Archive for the 'Conference' Category

Conference in Pictures

Images from the Conference

We’ve been busy taking pictures at the Intercultural Cities conference. Some of the best are on Flickr here:

If you also have pictures to share, please upload them to and tag them with “interculturalcities” and other relevant tags. Enjoy!


Telling the conference story

Telling the conference story
Mike Jempson

The Story Begins
St George’s Hall in the middle of Liverpool is a challenging venue for a 21 century European conference on inter-culturalism. The £23 million spent on its refurbishment has done nothing to eradicate the echoes of empire. Opened in 1854 to house music festivals and a courtroom, it remains an over-powering construction. As we set up our ‘virtual newsroom’ amidst its vast gloomy emptiness we all wondered how we could tell ‘the story’ of inter-culturalism from a city that earned its wealth from the slave trade. Unbeknownst to us Brouhaha troubadours will point the way by the end of the first day.

First things first – film the set up. That’s the easy bit. Then get our disparate team together to compare notes and agree a running order, and film that. All very post-modern. Telling a story about story-telling by showing how the story tellers construct the story.

Nela Milic\'s Installation

And while we are at it, why not an ironic arty ‘installation’ to demonstrate just how disposable our efforts can be – not a cat tray filled with newsprint but a washing line amid drifts of newsprint, so passers-by can wring out the inevitable lies and distortions that emerge when time constraints limit our professionalism, or when profit-making and propaganda overtake the desire to tell the truth.

Discussing the plot

And as for deadlines – the adrenalin pump that keeps we hacks alive – let’s premiere the film at the final session before the delegates depart for home stimulant. In the meantime we’ll pick up stories and quotes and pictures as we come across them. The conference is trying to be different so we can try too – but our trade has its own internal disciplines that are hard to abandon. We have spelled them out in notes for those delegate who want to become citizen journalists while they are here – find the facts, check they are accurate, quote eye-witnesses and reliable sources, construct the story clearly, know your audience, and always distinguish between comment and fact.

Our inter-cultural team has print and broadcast and on-line experience and all the digital paraphernalia of the robo-hack. We hail from Cameroon and Greece and India and Ireland and Pakistan and Serbia. Three men, five women pooling our resources to keep the three days covered inside and outside the conference venue.

Our aim: to collect and disseminate material that speaks of inter-culturalism – the debate, the dilemmas, the diversity – and encourages others (especially our media colleagues) elsewhere to find new ways of making space for those whose voices are seldom heard, and using the immense power of mass media for cohesion instead of confusion.

It would help in the Internet was working, but apparently the City Council is worried we’ll spend the next few days viewing porn and stealing people’s identities. Leave that to the ’techies and get on with the story.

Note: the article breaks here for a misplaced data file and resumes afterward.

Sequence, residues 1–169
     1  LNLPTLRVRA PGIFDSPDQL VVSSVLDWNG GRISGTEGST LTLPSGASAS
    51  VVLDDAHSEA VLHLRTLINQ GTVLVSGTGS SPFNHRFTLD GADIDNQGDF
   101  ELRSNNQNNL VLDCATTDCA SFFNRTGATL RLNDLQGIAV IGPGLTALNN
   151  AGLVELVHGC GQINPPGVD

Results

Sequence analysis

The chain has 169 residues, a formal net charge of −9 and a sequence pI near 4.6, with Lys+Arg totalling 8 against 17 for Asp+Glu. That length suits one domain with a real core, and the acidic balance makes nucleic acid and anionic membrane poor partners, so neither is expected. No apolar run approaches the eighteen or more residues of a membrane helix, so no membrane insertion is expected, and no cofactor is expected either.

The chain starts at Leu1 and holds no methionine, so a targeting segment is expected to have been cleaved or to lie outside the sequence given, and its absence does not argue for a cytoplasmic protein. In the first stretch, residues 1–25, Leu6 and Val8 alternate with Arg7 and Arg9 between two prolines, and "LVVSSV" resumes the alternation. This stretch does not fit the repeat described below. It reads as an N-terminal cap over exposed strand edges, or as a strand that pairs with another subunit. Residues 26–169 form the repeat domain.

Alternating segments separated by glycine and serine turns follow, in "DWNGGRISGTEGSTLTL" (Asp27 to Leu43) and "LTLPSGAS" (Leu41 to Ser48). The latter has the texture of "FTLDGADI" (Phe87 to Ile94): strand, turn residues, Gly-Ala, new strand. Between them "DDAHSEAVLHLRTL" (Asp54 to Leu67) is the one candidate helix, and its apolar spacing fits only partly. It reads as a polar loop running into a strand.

Soon the teams are at work, snapping shots of anyone and anything that takes our fancy, shooting footage that will generate instant nostalgia in just a few days time, interviewing cultural gurus and their acolytes, and listening out for gems of wisdom and the gaffes that make people grin.

We select our storytellers unsure what stories they will tell, and send them off on location to places delegates may see on Saturday, or may never see because the local authorities would prefer we did not disturb their plans to up-end ‘the world in a street’ in the name of regeneration.

Journalism is always about uncovering uncomfortable truths, but is also about telling positive stories too. We set to work, hoping our efforts will bear some fruit, here, there and in cyberspace. The legacy of such conferences now last longer than ever thanks to the information super-highway… if anyone can find the way through the myriad spaghetti junctions and the wayside blogs.

We hope our signals will point the way towards a future where diversity is recognised as a force for good, and where journalism will be appreciated because it allows different voices to emerge from the multitude and contribute to common understanding of our shared humanity.

And, of course, we hope there’ll be applause when our story is screened.

The Band….

On the opening night of the Intercultural Cities conference, there was a party at Liverpool Town Hall. These great images were taken by Martin Pinder’s team. Text by Martin Pinder.

East Meets West

“A local Liverpool Roma Band from Kensington played for Conference delegates at Liverpool Town Hall on Wednesday night at a Welcome Reception headed by Liverpool City Council’s Chief Executive Officer, Colin Hilton. ‘Gypsy Brothers’ come from Kensington, L6 and L7, an Inner City neighbourhood which is participating in the European Year of Dialogue Conference in Liverpool on ‘Inter-Cultural Cities’. The Band hails from the Czech Republic and Slovakia and came over to Liverpool since the EU Accession in May 2004 when some 10? countries including the Czech Republic and Slovakia joined the European Union.”

Father and Son